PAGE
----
Varnier: Belemnite chalk ‘Rolls Royce’ of soil

Made from fossilised cuttlefish, belemnite chalk found in the Côte des Blancs produces the “finest” expressions of Champagne, says Denis Varnier of Champagne Varnier-Fannière.

Denis Varnier

Denis Varnier with his 2005 vintage

Speaking to dbHK before a Cantonese dinner pairing with a selection of his grand cru Champagnes, Varnier said proudly: “The subsoil of the Côte des Blancs is composed entirely of belemnite chalk with a depth of up to 10 metres on the hillsides.

“The five Grand Cru villages Chouilly, Cramant, Avize, Oger and Le Mesnil-sur-Oger only produce Chardonnay and the belemnite makes beautiful, finest expressions of blanc des blancs Champagne, full of minerality and acidity. It is the Rolls Royce of soil in Champagne. It only produces the best.”

The Varnier-Fannière vineyard in Avize was founded in 1860 by Varnier’s great-great grandfather who sold his grand cru grapes to the trading houses of Möet et Chandon, Pommery and Roederer.

It wasn’t until 1947 when Varnier’s grandfather, Jean made the first bottle in 1947 and by 1959 was selling 10,000 bottles a year. Now the Varnier-Fanniere range includes a Brut NV, Brut Zero NV, Cuvee Jean Fannière Origine, Cuvée St Denis, a NV rosé and a demi-sec. Varnier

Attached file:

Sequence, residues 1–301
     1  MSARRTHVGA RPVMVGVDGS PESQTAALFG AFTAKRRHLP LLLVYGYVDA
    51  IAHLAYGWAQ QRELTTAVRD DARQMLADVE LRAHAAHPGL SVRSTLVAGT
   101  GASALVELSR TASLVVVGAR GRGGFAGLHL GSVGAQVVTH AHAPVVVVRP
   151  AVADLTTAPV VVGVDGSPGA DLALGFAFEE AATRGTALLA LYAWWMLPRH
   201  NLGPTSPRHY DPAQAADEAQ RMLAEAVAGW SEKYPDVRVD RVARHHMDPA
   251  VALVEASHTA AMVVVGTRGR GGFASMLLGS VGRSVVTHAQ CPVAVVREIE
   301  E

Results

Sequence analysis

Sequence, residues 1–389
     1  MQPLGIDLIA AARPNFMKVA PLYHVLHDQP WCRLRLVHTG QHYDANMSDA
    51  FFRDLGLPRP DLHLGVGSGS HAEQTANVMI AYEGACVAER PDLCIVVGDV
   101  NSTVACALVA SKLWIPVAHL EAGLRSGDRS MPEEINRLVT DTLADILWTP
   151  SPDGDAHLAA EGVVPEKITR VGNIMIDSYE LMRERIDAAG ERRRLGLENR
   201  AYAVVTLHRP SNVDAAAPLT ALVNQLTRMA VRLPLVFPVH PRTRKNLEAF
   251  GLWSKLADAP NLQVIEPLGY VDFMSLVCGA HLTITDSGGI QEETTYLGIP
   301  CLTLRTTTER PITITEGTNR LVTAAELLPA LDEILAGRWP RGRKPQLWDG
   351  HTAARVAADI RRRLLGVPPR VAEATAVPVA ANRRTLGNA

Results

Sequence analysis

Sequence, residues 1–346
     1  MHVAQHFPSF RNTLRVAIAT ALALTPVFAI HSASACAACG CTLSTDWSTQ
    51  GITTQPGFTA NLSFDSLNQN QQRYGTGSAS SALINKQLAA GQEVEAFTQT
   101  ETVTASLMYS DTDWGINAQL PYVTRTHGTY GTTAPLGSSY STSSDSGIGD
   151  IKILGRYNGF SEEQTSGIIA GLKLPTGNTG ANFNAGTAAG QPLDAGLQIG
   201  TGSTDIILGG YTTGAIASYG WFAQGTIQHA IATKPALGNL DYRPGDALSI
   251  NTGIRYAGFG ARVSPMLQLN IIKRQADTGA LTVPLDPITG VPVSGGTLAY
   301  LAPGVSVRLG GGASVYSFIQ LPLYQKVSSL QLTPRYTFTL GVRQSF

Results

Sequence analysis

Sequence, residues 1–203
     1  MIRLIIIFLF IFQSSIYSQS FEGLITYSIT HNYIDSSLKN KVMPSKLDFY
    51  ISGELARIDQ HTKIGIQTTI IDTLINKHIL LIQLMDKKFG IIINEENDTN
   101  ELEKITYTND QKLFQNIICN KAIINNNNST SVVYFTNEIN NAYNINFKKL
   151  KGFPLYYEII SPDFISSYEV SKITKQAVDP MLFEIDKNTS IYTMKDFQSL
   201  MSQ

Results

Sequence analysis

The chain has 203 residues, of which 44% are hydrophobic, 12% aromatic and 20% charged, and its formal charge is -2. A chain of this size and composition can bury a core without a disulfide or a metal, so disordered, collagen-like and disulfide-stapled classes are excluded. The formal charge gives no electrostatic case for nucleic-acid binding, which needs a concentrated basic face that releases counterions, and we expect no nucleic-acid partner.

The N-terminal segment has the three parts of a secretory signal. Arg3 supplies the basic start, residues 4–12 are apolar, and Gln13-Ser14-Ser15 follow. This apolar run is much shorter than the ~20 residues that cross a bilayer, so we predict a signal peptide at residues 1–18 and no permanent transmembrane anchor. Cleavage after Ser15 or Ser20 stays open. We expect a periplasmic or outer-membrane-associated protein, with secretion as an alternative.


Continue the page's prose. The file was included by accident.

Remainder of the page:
“My father extended our domain to include the grand cru terroirs of Cramant and Oger, two villages close to Avize and then when I took over in 1989 I’ve retained the same traditions such as the 1965 grape press – one of only five left in Champagne – and I riddle everything by hand. It is an honour for me to continue growing grapes in this terroir, after five generations.”

Varnier’s four hectare property produces 35,000 bottles, two-thirds of which is exported to 30 different countries with the US and Japan taking the lion’s share. Emboldened by the idea that his Champagne pairs so well with sushi in Japan, Varnier is keen to explore the potential of other Asia markets.

“I think Hong Kong could be the next Japan in terms of premium Champagne consumption. Champagne goes very nicely with Chinese cuisine, and the Brut Zero is perfect with seafood dishes. South Korea and Taiwan are also becoming more and more interested in the idea of grower Champagne houses. I think Asia will be a very exciting area for us to develop in.”

2 Responses to “Varnier: Belemnite chalk ‘Rolls Royce’ of soil”

  1. I think it is important to point out that, contrary to what may be assumed from the article, La Côte des Blancs is not the only area in Champagne where one finds belemnite chalk in the sub-soil. The other day I was looking at a geological map of Verzenay in La Montagne de Reims and noticed a thick stratum of belemnite chalk, although it is perhaps not so close to the surface as in la Côte des Blancs

  2. Likewise, in the southern part of the Coteaux du Sezannais in the villages of Montgenost.

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